Professor of law at Chulalongkorn University
Vitit Muntarbhorn is professor emeritus at the Law Faculty, Chulalongkorn University. He has helped the UN in a various positions, including as UN Special Rapporteur, UN Independent Expert and member of UN Commissions of Inquiry on human rights.
Afghanistan is a rugged country of great beauty straddling Asia and Europe, and it has been the scene of warfare and contestation for decades. The Taliban, a group connected to extreme violence, especially in the late 1990s, emerged as the power in control of Afghanistan recently, due to the void left by outsiders. This is their second time in power and the world can remember all too well that from the mid-1990s until 2001, their rule at the time was harsh and brutal, especially in their clampdown on the rights of women and girls. The latter suffered immensely from a lack of access to school, while the former were also prevented from employment.
One of the most disturbing issues in Thai society today is the number of children (under 18 years of age) who have been arrested and prosecuted for participating in political demonstrations. The most obvious incidents are the protests at Din Daeng intersection during the past few months. Do children have the right to participate, especially from the angle of freedom of expression and freedom of peaceful assembly, and what are the parameters?
North Korea or the Democratic People's Republic of Korea (DPRK) has been a conundrum for the international community for over half a century. Cloistered and undemocratic, the power base keeps a tight rein over its population with heavy surveillance and pervasive constraints. The latest news that recently it restarted to activate its nuclear facility at Yongbyon is most disturbing, as the United Nations Security Council (UNSC) has already imposed sanctions on the country to end its nuclearisation. Is there any strategy to deal with the country in an engaging manner?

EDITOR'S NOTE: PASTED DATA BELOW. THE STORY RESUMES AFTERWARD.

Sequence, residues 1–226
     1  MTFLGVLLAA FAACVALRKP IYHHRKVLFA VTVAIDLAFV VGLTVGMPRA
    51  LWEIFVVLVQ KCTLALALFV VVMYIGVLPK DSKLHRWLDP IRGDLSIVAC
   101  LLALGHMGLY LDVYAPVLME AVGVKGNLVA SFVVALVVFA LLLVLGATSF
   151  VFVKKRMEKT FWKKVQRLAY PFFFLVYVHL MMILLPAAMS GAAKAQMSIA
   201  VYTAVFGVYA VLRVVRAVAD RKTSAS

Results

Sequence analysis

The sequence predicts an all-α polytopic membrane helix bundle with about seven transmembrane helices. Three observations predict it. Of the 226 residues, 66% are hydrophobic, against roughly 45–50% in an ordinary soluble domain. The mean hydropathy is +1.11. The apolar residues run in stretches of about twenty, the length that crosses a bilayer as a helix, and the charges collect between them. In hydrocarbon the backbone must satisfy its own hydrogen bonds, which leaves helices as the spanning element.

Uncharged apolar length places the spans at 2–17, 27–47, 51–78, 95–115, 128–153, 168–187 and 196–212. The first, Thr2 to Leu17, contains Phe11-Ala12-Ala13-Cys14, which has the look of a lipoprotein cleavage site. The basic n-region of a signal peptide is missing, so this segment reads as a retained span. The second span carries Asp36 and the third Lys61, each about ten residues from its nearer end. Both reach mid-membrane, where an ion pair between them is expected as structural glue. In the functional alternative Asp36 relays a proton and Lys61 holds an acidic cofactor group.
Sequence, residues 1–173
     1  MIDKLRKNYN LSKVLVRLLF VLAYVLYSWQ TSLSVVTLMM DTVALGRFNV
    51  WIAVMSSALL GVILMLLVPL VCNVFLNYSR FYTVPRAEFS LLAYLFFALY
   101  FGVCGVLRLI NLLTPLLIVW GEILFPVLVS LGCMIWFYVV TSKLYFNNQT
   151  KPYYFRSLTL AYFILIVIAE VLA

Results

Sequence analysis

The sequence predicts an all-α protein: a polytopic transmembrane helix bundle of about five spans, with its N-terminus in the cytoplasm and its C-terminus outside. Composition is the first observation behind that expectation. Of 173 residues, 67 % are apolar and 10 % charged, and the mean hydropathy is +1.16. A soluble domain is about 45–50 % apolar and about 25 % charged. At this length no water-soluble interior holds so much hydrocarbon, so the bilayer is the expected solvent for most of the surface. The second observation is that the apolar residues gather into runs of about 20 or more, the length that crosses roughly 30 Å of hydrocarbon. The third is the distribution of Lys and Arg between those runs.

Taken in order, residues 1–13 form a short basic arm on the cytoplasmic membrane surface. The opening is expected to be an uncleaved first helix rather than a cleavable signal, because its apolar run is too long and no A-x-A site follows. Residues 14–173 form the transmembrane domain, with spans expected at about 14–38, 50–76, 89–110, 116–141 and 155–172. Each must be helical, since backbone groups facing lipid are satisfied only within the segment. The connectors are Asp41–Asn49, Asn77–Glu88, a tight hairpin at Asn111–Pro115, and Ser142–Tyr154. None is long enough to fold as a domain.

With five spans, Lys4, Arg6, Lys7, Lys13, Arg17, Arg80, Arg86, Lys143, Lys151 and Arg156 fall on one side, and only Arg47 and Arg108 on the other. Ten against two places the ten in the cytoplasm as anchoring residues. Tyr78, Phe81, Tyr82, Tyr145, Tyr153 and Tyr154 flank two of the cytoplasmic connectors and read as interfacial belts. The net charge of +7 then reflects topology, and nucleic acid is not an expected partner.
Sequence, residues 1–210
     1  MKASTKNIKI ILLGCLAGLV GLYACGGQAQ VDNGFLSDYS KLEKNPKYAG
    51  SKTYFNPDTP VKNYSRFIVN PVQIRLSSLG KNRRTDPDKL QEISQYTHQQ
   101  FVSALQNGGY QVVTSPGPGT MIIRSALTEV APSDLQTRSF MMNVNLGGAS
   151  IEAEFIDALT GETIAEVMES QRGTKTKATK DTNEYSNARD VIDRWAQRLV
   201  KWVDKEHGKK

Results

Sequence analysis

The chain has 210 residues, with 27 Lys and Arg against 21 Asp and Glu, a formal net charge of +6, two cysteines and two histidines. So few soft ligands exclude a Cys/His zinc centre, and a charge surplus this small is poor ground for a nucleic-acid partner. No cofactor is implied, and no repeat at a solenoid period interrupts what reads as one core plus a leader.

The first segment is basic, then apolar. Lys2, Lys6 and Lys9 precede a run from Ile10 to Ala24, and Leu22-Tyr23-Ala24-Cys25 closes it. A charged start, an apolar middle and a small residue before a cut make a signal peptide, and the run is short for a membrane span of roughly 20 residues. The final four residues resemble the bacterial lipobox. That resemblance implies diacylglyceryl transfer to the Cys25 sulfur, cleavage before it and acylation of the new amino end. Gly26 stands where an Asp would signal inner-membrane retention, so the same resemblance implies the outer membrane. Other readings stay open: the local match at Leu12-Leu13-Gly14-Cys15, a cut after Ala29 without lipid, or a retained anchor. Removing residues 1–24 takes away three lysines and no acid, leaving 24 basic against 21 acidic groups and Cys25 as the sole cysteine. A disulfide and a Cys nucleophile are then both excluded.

The Asean Intergovernmental Commission on Human Rights (AICHR) was established just over a decade ago to promote and protect human rights in the Association of Southeast Asian Nations (Asean). Yet, its activities, to date, have been more to do with promotion activities, such as workshops, rather than protection measures, such as to receive complaints and to provide remedies.
The country's State of Emergency Decree became law in 2005 and since then, it has been one of the most contested laws. Yet, it has been one of the instruments most frequently used by the executive branch of government and is currently the main law for tackling Covid-19. Does the decree comply with international standards?
One of the interesting developments in Thailand is that official circles are gradually moving away from the death penalty as a sanction against crimes. This is witnessed by the Ministry of Justice's campaign to invite the public to look at options beyond the death penalty. What if there is a large proportion of the population in the country which still favours its retention rather than abolition? There is a need to balance with the international trend and the country's obligations.
The desperate situation in Myanmar calls for concerted international solidarity to counter the Feb 1 coup d'etat and its heinous consequences. To date, scores of people have been killed by junta forces, while several thousands have been detained. The crisis compounds two disquieting situations of a longstanding and multi-faceted nature in the country -- the mistreatment of the Rohingya population (a Muslim community) and the decades-long civil war between the authorities and different ethnic groups.